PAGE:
Just like us, children can experience trouble sleeping, but simple lifestyle and behavioural changes may make all the difference. Nutritionist Kerry Torrens takes a look at what helps promote restful slumber.
What’s the issue?
Settling difficulties are common in as many as 25 per cent of young children, with resistance to bedtime or being unable to drop off to sleep being commonly cited problems.
How much sleep do kids need?
How much sleep your child needs depends on their age and activity levels. The following table gives approximate hourly needs however, your child may differ from this. If you have concerns, refer to your health visitor or GP for guidance.
What can I do?
It’s natural to feel anxious when your child can’t settle, but by putting some practical steps in place, you can ensure it doesn’t become a wider issue, potentially causing disruption for the whole household. The steps you implement will depend on the age of your child and the sleep or settling problem they have. Here are our top tips for a restful night.
As the evening progresses, encourage a wind-down. For older children this might involve reading or listening to music. The longer your child takes to go to sleep, the longer their wind-down time needs to be.
2. Establish a bedtime routine
Start your routine about 20 minutes before your child’s bedtime. If your child finds settling difficult, aim for this ‘bedtime’ routine to coincide with when they naturally start to get sleepy, and work towards gradually bringing that time forward to your preferred bedtime (for young children 7-8pm is a good time). For this age group, a bedtime routine might involve a bath, teeth clean and a bedtime story.
3. Promote a well-adjusted, regular body clock
Keep sleep and wake times the same, even at the weekends. By doing this you help develop your child’s natural body clock, which is important for sustaining a regular sleep cycle.
4. Avoid technology
This includes tablets, TVs, computer screens and mobile phones, because the light from these screens can have a stimulatory effect. This ‘blue’ light suppresses levels of the sleep-inducing hormone, melatonin, and delays sleepiness. Encourage children to turn these devices off at least one hour before bedtime, and preferably earlier, and keep screens out of your child’s bedroom at night.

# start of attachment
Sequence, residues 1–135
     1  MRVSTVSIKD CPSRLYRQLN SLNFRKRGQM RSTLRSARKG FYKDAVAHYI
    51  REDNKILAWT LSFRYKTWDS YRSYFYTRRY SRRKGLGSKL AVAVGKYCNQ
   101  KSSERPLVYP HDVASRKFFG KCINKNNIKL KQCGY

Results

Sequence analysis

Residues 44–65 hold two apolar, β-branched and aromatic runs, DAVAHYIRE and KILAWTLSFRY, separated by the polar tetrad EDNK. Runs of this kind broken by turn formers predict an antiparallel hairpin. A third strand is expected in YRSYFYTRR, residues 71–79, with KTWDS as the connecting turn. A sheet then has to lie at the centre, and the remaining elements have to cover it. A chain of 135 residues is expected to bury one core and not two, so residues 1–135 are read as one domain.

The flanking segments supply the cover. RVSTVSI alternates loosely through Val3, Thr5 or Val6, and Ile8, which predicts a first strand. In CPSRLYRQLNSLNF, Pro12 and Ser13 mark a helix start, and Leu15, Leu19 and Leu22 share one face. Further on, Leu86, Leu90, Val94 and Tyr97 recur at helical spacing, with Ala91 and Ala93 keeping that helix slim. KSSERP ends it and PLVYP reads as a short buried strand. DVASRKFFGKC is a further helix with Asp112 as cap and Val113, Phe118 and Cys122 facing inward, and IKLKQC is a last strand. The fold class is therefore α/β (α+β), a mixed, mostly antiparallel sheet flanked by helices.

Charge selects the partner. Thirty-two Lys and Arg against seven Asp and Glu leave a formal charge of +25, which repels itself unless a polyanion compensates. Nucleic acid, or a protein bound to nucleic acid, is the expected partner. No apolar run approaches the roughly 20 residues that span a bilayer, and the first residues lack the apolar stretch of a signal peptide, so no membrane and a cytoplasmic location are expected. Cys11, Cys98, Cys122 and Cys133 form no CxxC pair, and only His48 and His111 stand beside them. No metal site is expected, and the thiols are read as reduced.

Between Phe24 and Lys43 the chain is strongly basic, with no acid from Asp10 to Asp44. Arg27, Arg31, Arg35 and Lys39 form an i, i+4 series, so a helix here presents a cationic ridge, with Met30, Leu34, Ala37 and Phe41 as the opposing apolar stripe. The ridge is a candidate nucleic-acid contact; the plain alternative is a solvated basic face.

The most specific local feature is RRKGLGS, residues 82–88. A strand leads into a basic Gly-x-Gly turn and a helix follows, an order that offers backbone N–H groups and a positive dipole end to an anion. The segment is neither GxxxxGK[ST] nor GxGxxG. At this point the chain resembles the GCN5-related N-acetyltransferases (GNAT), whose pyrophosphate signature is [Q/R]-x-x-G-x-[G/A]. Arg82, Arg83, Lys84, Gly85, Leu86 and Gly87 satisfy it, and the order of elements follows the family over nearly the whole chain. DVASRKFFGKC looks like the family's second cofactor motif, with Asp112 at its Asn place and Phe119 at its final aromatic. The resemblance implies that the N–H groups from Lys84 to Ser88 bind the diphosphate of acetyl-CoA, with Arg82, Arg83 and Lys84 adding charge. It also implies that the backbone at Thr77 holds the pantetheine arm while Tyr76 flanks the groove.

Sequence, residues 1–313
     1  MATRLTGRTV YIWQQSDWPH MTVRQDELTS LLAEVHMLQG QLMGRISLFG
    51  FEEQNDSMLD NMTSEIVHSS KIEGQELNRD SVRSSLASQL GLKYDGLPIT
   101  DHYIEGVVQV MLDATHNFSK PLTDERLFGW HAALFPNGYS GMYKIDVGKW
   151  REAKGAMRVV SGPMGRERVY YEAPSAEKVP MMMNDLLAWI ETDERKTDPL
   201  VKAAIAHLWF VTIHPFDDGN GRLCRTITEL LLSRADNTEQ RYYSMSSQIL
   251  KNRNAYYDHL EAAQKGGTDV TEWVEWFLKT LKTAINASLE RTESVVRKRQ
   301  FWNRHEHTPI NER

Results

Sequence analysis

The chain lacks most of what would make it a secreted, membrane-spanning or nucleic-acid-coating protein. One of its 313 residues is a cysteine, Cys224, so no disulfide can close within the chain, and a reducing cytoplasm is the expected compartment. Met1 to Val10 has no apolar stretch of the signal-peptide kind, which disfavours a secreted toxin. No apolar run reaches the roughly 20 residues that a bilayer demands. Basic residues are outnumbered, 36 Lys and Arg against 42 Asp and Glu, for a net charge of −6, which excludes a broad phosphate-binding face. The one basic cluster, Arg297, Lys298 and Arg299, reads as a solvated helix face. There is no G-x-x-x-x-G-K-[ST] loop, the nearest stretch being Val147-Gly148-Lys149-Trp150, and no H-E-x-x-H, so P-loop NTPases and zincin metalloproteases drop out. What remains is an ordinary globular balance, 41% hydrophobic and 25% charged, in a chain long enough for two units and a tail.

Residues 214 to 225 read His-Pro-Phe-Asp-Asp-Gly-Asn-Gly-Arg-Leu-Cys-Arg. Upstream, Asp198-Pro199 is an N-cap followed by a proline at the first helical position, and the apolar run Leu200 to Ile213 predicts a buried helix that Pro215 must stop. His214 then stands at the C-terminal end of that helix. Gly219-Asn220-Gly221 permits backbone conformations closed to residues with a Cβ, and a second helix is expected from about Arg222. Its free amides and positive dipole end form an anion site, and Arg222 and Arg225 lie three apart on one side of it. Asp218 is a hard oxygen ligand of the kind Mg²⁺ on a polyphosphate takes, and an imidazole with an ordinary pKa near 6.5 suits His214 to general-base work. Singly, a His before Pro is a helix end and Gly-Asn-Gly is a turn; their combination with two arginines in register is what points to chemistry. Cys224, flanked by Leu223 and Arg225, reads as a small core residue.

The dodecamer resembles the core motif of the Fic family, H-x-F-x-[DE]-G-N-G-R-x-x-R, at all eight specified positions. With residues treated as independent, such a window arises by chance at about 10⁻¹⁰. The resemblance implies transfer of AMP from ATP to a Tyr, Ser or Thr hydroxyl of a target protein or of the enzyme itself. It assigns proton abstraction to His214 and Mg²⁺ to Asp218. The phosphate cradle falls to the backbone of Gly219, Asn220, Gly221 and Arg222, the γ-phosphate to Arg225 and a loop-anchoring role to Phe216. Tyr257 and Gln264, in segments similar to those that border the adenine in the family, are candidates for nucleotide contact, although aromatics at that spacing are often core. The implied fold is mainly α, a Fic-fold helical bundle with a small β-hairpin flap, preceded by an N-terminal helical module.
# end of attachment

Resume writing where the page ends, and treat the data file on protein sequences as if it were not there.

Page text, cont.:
5. Make the bedroom sleep-friendly
6. Eat to sleep well
Feeling hungry or being too full are both reasons why children can’t sleep. What time your child eats their evening meal is also important because eating too late shuts off melatonin production and delays sleep. Ideally, have your family meal at least four hours before bedtime. Make it a satisfying meal, combining protein and carbohydrates to encourage melatonin production. The best protein foods are those that contain the amino acid tryptophan – these include chicken, turkey, milk and dairy. Enjoy these with a portion of rice, pasta, noodles or potatoes, as carbohydrate foods help tryptophan to work more effectively. If necessary, a glass of warm milk with a cracker or oatcake can be a good snack an hour or so before bed.
7. Avoid caffeine-containing drinks and foods (especially after lunchtime)
Coffee, tea, energy drinks and chocolate supply caffeine which is known to disrupt sleep, especially in certain individuals. Studies show that moderate to high caffeine consumers are more likely to have disturbed and interrupted sleep. Sugary foods should also be avoided because they cause sleep disruption.
8. Get plenty of natural daylight
This is particularly useful in the morning. This is because bright light suppresses melatonin, which means your child will feel awake and alert during the day and sleepy at bedtime.
Sleep-promoting dinnertime suggestions:
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This article was published on 3rd August 2020.
Kerry Torrens BSc. (Hons) PgCert MBANT is a Registered Nutritionist with a post graduate diploma in Personalised Nutrition & Nutritional Therapy. She is a member of the British Association for Nutrition and Lifestyle Medicine (BANT) and a member of the Guild of Food Writers. Over the last 15 years she has been a contributing author to a number of nutritional and cookery publications including BBC Good Food.
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